Being a hip-hop artist from the South can be either a burden or a boon. Because of Southern hip-hop’s dominance on MTV, BET, night clubs and radio stations, causal listeners will become so enamored, so dependent on it that they refuse to give anything else a chance. If the music is filled with trap beats and simple synths, those listeners are completely with it. With few limited exceptions (T.I. and Lil’ Wayne), the lyrics over these beats are mostly simplistic and misogynistic to such an extent that perceptible listeners wonder how and why people don’t take the time to actually think about what they’re putting into their ears. It’s like the casual listeners have a hip-hop variation of Stockholm Syndrome that works to the benefit of only those for whom those listeners have been captured by.
And then you have anomalies, the ones who stand out, in Southern hip-hop: The OutKasts, the Little Brothers, the CunninLynguists, the Goodie Mobs, et. al. They’ve all foregone the conventions of mainstream Southern hip-hop and, though finding success to varying degrees, are still met with a barrage of backhanded compliments (“You rap pretty good…for a Southern rapper”, for example). I can’t count the number of times I’ve heard acts like these decried for using sampled beats instead of trap beats and for having a diction exponentially greater than that of a third grader. The New Orleans rap duo The Essence (emcee J-Dubble and DJ/producer Rik Ducci) fall into this category for certain.
Though there have been plenty acts from outside New York that have east coast-styled beats & rhymes, very few have been successful. Early releases from Chicago emcee Common exemplify this style. But this is New Orleans were talking about and, in a way, it makes sense for The Essence to follow that same pattern considering the musical eclecticism of that region. From listening to this self-titled release, they certainly are students of the classic hip-hop Golden era. Coupled with the two-man “He’s the DJ, I’m the Rapper” format they’ve adopted, their sound has a consistency that was not lost on this listener.
The intro and the outro (both produced by Joe Archie) both contain alpha and omega verses from J-Dubble, but it’s the album’s second track, “Marinate” that pulled me in. With a soulful loop and crafty lyrics, the hook represents what I think this album is about: “It’s good for the soul, go on let it marinate”. The next track, “Day 1”, is marked by heavy dusty drums as well as J-Dubb’s going-for-broke rhymes and flow. The track is introspective about his struggle and his perseverance without resorting to actions that just aren’t him. Sampling on the album varies as well. On “Humble”, we get our first taste of a vocal sample as part of the beat, but that’s where the album began to slightly lose me. Granted, even with sonic consistency, it can be perceived as repetitive. But that notion changed once the seventh track, “Juggernaut J!” hit my ears. Backed by a looped funk/Blaxploitation soundtrack string sample, this is J-Dubb at his best on the album. His wordplay-laden battle rhymes were sprinkled with plenty of pop cultural references and the beat was reminiscent of “The C-Quel” by Canibus. My only gripe with the song is that it didn’t last longer than two minutes and eighteen seconds:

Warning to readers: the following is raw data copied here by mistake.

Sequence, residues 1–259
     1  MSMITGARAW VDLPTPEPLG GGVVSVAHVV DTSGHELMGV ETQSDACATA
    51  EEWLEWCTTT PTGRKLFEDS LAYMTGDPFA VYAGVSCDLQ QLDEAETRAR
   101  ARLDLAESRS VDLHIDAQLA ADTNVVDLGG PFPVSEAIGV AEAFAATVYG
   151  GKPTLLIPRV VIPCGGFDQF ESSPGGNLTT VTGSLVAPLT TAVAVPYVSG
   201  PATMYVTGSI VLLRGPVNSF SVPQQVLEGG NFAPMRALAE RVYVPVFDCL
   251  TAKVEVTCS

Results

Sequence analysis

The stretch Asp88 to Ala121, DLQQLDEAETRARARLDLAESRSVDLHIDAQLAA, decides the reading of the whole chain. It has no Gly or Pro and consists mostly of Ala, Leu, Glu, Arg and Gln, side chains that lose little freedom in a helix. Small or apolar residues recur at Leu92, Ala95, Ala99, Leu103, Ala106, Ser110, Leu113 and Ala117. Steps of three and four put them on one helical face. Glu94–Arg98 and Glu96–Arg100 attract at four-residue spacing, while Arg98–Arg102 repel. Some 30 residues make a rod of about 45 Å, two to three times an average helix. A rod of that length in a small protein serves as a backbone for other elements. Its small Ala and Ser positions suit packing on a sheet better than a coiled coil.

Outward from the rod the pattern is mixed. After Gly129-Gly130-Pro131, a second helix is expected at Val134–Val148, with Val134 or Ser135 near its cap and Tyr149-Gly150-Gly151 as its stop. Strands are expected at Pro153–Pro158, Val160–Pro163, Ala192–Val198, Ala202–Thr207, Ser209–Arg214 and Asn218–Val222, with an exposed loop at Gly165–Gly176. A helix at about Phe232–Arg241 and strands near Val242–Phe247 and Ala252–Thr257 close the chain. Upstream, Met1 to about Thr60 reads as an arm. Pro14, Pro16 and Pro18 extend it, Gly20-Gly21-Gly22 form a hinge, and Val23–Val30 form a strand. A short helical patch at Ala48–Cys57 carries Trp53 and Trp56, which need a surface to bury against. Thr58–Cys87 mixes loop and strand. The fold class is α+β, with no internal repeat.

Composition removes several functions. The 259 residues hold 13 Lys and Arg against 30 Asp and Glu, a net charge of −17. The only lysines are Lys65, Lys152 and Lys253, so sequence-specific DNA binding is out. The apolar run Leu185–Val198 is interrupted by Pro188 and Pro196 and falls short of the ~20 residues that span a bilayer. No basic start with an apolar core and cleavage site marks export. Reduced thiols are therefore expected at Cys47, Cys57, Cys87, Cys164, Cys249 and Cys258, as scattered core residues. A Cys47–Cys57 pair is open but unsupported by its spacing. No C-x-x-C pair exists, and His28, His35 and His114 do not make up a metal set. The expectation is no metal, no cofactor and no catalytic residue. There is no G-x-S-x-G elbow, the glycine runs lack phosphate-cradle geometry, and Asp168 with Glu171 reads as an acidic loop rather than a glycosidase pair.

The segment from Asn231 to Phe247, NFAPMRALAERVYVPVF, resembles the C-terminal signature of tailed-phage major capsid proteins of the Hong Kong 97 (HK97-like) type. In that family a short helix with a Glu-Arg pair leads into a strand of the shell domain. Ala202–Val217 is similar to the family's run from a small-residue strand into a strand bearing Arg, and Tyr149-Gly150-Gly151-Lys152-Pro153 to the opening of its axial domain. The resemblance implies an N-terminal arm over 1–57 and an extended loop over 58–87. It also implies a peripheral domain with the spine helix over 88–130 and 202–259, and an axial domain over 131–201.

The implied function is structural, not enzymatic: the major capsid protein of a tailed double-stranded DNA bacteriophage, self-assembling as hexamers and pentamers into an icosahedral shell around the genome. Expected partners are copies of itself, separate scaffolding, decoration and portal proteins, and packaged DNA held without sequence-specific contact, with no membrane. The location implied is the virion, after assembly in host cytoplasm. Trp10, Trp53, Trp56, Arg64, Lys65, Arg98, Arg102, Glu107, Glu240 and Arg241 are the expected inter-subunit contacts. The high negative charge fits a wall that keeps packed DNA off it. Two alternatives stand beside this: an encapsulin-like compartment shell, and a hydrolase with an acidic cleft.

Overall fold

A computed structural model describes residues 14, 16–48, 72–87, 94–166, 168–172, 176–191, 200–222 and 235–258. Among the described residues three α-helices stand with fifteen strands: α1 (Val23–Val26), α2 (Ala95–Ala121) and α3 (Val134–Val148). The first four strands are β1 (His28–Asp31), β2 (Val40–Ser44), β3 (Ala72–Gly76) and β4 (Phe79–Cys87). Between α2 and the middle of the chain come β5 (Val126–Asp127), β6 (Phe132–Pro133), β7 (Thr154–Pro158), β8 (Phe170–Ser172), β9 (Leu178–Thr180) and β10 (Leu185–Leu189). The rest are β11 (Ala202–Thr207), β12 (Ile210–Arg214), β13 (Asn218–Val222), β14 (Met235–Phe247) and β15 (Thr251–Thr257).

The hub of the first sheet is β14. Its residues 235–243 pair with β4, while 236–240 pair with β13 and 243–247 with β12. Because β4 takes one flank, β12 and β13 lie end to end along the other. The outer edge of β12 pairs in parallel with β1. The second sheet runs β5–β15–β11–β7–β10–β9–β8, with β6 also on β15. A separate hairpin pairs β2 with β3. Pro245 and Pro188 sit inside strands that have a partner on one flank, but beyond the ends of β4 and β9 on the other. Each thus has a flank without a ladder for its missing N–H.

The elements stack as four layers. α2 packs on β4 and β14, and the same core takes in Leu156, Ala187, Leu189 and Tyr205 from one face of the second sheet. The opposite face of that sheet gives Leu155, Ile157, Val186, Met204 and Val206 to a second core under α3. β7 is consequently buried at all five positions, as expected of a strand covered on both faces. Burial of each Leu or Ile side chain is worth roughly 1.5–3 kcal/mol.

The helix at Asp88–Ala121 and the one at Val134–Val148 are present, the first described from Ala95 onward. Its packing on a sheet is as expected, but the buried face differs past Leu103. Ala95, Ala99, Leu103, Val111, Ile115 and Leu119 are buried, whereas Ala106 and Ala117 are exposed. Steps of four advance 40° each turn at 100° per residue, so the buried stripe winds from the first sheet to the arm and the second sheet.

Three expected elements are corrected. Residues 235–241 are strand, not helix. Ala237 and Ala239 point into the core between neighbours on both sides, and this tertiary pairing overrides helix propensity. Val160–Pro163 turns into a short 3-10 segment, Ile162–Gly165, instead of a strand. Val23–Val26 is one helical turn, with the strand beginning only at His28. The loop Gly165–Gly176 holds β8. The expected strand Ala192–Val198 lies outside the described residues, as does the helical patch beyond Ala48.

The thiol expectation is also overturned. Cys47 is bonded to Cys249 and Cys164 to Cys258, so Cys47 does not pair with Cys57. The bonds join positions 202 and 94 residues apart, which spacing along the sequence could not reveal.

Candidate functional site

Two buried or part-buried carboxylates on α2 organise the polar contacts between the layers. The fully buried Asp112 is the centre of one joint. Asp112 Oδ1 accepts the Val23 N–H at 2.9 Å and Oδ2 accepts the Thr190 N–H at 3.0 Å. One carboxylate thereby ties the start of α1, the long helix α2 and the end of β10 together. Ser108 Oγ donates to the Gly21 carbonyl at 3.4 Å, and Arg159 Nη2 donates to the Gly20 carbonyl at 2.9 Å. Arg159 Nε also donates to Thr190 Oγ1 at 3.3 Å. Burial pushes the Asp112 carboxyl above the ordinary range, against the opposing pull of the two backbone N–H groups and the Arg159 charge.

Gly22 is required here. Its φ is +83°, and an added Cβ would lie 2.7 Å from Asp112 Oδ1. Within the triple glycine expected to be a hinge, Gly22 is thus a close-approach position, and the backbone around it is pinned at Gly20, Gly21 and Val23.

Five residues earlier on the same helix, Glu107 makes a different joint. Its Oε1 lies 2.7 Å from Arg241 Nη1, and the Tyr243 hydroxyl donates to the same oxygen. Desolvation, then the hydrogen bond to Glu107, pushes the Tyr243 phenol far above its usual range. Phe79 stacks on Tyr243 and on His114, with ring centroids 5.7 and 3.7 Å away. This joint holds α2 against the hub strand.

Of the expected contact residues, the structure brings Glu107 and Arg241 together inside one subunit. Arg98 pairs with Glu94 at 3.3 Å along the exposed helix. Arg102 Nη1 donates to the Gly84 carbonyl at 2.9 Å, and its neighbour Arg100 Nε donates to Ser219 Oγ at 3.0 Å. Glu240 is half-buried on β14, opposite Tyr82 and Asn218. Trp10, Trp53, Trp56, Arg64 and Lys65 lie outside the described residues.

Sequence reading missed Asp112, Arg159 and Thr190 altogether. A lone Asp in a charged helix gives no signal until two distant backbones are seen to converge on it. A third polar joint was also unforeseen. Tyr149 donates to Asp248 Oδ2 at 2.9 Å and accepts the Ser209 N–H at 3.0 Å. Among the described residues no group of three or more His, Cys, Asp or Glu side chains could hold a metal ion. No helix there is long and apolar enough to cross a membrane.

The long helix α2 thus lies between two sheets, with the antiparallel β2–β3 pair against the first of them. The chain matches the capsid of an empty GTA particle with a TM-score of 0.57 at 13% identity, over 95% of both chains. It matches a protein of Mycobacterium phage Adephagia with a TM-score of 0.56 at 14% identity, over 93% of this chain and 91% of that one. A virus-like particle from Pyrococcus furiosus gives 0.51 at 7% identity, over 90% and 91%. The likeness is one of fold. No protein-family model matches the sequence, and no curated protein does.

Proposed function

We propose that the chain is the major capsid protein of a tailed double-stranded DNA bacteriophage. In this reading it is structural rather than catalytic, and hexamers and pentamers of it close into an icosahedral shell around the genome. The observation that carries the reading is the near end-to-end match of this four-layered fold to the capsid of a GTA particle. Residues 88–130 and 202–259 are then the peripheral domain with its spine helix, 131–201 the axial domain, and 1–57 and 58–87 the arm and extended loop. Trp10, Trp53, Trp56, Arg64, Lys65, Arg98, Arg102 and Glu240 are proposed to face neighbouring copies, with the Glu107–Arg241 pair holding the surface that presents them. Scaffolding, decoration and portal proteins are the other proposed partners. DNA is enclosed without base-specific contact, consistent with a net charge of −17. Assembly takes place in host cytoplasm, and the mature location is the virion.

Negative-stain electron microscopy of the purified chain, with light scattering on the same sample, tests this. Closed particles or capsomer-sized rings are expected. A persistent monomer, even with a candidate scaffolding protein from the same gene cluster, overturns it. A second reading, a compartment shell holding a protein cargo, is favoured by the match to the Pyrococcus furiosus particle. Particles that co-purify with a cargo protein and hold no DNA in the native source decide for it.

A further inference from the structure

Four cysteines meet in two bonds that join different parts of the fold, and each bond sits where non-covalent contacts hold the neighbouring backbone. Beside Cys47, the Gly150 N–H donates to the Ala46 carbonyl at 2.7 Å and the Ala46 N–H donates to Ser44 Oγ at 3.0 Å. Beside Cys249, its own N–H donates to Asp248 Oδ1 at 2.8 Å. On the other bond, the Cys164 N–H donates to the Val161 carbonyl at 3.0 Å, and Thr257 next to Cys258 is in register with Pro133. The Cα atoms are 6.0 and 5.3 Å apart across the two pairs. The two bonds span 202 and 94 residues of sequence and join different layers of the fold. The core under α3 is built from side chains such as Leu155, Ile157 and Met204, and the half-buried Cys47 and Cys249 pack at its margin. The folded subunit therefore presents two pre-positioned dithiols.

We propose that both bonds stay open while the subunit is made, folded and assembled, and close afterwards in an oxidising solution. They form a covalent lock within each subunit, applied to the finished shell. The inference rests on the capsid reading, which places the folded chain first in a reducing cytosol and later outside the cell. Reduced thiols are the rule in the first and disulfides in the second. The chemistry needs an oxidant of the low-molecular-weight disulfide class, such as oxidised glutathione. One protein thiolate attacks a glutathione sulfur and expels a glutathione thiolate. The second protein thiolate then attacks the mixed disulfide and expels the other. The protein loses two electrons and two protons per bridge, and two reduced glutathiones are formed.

“You Captain Crunch with no Pop, get Sugar Smacked
Lemme get offa that and bring that hurl right back
It’s no coincidence that this style is Common Sense
I’m Kweli and Hi-Tek: Reflect bright
My Eric Wright’s speak the Harmony: East 99
So on the 1st of tha Month, go ‘head and take a ride”
The album is rife with positive vibes, especially on the lyrical tip. “Live It Up” has it in spades as does the aptly-released-on-Valentine’s Day single “Love Thing”. Too many times, in hip-hop songs geared towards the opposite sex, you hear mostly over-the-top sexualized lyrics. On this one, J-Dubb simply talks about meeting a girl and falling in love with her. Also on “One Two, One Two” J-Dubb recruits fellow NOLA emcee Elesspee to spit a verse. The track starts with what sounds like a dusty interpolation of the drum-break opening of the Honeydrippers’ “Impeach the President”. With Elesspee’s hoarse flow and delivery, it complements J-Dubb’s without fail.
While “The Essence” is one of many efforts in recent years to recapture the love and nostalgia of hip-hop during the early to mid-90’s, this is not a formula-driven release. For starters, J-Dubb is keenly aware that it’s 2015, even with Rik’s ’90’s vintage-sounding sampled beats. Speaking of which, Rik’s beats initially had me thinking “Apollo Brown” because of the drum snares and similarly-chopped samples. Further listening shows that Rik has a style of his own.
Despite frequent flashes of reminiscence, underground hip-hop adjusts to the times in a way that always says this to the more popular mainstream hip-hop: “I’ll be nice to you when I see you. But beyond that, fuck off. We don’t need to hang out”. It’s like looking at the high school interactions between the popular pretty-boy jock and the nerdy, smart kid he’s routinely belittled since freshman year. Mainstream does its own thing just as underground does, all under the same hip-hop roof.
Even with their large regional following and years on the grind, J-Dubble and Rik Ducci are part of that underground. An underground that has thrived and continues to thrive because of individuals like these two creating albums like “The Esssence” which show that doing this rap shit with love is what keeps it alive and well.